Misclassification of employees is a national problem that affects benefit programs and state systems other than workers' compensation, including unemployment systems, disability systems and tax/revenue systems.
Employers that engage in misclassification schemes are unfortunately rewarded to do so because the savings are tremendous and provide a huge competitive advantage, and generally have no other consequence because enforcement is so difficult ... until either the worker becomes dissatisfied and seeks redress, or a work injury occurs.
In Minnesota an appellate court bored down through the facts to find that a worker who was encouraged to form her own limited liability company (LLC) in order to retain work was in fact still an employee entitled to the benefits and protections of employment status.
Rowan v. Dream It, No. A11-1135, Heather Rowan was a painter for Dream It, a licensed general contractor, for more than four years.
According to the court opinion, Rowan alleged that in November 2010 her supervisor, Jim Herman, had told her if she formed her own company and came back to work for Dream It as an independent contractor, her pay would be calculated by the square footage of the areas she painted rather than by the hours she spent working, which would make up for the wages she was losing due to her reduced hours.
Rowan formed her own LLC continued to come in to work each day and perform the same work she had done as an Dream It employee for the next four weeks.
On Dec. 9, 2010, Rowan refused a job offered by Dream It because she thought the square footage and payment amount were improperly calculated. Dream It did not offer her any other work after this, and Rowan applied for unemployment benefits.
The original unemployment hearing officer found Rowan to be an employee. On reconsideration the decision was reversed.
On appeal the court sided with the original finding of an employment relationship.
The court noted that the "idea to have Rowan quit her employment and form an LLC originated with, and was suggested by, Dream It," but "at no time was she advised of the negative consequences she would suffer in giving up her position with the company."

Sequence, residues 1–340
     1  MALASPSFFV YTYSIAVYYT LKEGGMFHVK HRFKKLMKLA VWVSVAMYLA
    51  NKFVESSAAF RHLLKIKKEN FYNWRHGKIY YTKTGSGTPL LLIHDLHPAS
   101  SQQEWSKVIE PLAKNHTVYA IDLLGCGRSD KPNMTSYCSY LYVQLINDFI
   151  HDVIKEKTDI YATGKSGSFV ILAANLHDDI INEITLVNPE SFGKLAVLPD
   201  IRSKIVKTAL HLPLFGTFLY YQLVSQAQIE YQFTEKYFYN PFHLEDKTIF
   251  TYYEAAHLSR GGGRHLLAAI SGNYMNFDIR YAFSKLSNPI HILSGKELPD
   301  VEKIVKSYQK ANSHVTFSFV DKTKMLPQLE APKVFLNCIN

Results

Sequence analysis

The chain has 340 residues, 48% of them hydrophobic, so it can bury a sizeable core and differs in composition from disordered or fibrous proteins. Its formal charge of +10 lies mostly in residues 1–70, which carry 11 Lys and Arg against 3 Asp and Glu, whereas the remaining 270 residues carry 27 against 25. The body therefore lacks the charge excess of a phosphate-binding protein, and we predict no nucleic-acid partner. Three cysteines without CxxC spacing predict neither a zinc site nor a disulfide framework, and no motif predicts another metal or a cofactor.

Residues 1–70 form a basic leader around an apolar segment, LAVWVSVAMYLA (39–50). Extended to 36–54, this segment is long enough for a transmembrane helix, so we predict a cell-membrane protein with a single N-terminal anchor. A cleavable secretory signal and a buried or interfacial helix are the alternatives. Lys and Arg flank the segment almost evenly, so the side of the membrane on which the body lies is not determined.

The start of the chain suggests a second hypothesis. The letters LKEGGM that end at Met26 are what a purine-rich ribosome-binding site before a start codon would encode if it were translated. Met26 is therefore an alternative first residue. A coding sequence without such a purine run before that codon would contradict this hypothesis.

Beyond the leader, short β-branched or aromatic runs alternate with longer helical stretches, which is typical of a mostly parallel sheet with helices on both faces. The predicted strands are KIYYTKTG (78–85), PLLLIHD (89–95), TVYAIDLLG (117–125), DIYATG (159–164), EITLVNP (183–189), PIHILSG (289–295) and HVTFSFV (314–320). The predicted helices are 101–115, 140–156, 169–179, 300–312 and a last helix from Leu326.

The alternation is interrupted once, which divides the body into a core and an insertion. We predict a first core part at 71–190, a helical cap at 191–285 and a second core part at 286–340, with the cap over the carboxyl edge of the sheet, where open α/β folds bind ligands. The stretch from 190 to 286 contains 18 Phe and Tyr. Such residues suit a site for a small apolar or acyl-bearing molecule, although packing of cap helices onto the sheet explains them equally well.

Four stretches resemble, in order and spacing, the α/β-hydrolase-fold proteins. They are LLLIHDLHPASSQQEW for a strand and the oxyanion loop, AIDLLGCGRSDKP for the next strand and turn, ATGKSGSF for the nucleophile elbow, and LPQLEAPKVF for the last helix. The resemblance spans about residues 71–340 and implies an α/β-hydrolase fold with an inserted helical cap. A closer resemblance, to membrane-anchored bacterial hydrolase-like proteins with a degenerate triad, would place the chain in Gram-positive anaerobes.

By quitting and forming her company, the opinion states, Rowan "simultaneously lost her status as an employee, any certainty in obtaining work," as well as the protections of the Fair Labor Standards Act, workers' compensation, and unemployment insurance.
The appellate opinion concluded that a reasonable worker in Rowan's position would have acted as she did, and so she was entitled to receive unemployment benefits.
The court was obviously mindful of the growing problem with employee misclassification, citing in its opinion a May 2011 report by the legislative Advisory Task Force on Employee Misclassification.
Indeed, an August 2011 newsletter from the Minnesota Department of Labor and Industry reported a 441% increase in the number of penalties issued to employers for workers’ compensation mandatory coverage enforcement actions in the last fiscal year. The number of penalties jumped from 210 in 2007 to 1,137 in 2011, yielding payments of $1,684,982.
While I don't know whether this increase is due to heightened enforcement action or due to an increase in misclassification activity, it is an alarming number regardless.
On the line in misclassification cases are lost state revenues for services and programs related to employment activity and in these times of governmental austerity increased enforcement to enhance general fund revenues is a sure bet, regardless of which state a business is in.
Those interviewed for the WorkCompCentral story, regardless of whether they represented labor or business, applauded the court's decision for upholding the rule of law, citing the increased costs and burdens placed on society by employers not playing fair.
There will always be those who believe "it won't happen to me". Reminders by the courts, such as the Rowan case, are unfortunately necessary to a balanced competitive marketplace.